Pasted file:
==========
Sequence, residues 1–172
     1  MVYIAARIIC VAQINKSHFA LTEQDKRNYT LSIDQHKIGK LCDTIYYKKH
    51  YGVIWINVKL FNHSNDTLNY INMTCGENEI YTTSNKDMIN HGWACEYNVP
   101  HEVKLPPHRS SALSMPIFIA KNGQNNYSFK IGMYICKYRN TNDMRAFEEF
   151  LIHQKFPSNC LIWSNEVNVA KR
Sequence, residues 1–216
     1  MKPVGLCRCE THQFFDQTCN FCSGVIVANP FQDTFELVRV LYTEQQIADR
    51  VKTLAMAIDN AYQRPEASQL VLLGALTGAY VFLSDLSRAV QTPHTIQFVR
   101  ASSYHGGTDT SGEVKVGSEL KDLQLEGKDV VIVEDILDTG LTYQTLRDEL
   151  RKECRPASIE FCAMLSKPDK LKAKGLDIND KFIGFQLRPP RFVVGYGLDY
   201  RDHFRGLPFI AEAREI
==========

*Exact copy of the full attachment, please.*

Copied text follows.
Sequence, residues 1–172
     1  MVYIAARIIC VAQINKSHFA LTEQDKRNYT LSIDQHKIGK LCDTIYYKKH
    51  YGVIWINVKL FNHSNDTLNY INMTCGENEI YTTSNKDMIN HGWACEYNVP
   101  HEVKLPPHRS SALSMPIFIA KNGQNNYSFK IGMYICKYRN TNDMRAFEEF
   151  LIHQKFPSNC LIWSNEVNVA KR
Sequence, residues 1–216
     1  MKPVGLCRCE THQFFDQTCN FCSGVIVANP FQDTFELVRV LYTEQQIADR
    51  VKTLAMAIDN AYQRPEASQL VLLGALTGAY VFLSDLSRAV QTPHTIQFVR
   101  ASSYHGGTDT SGEVKVGSEL KDLQLEGKDV VIVEDILDTG LTYQTLRDEL
   151  RKECRPASIE FCAMLSKPDK LKAKGLDIND KFIGFQLRPP RFVVGYGLDY
   201  RDHFRGLPFI AEAREI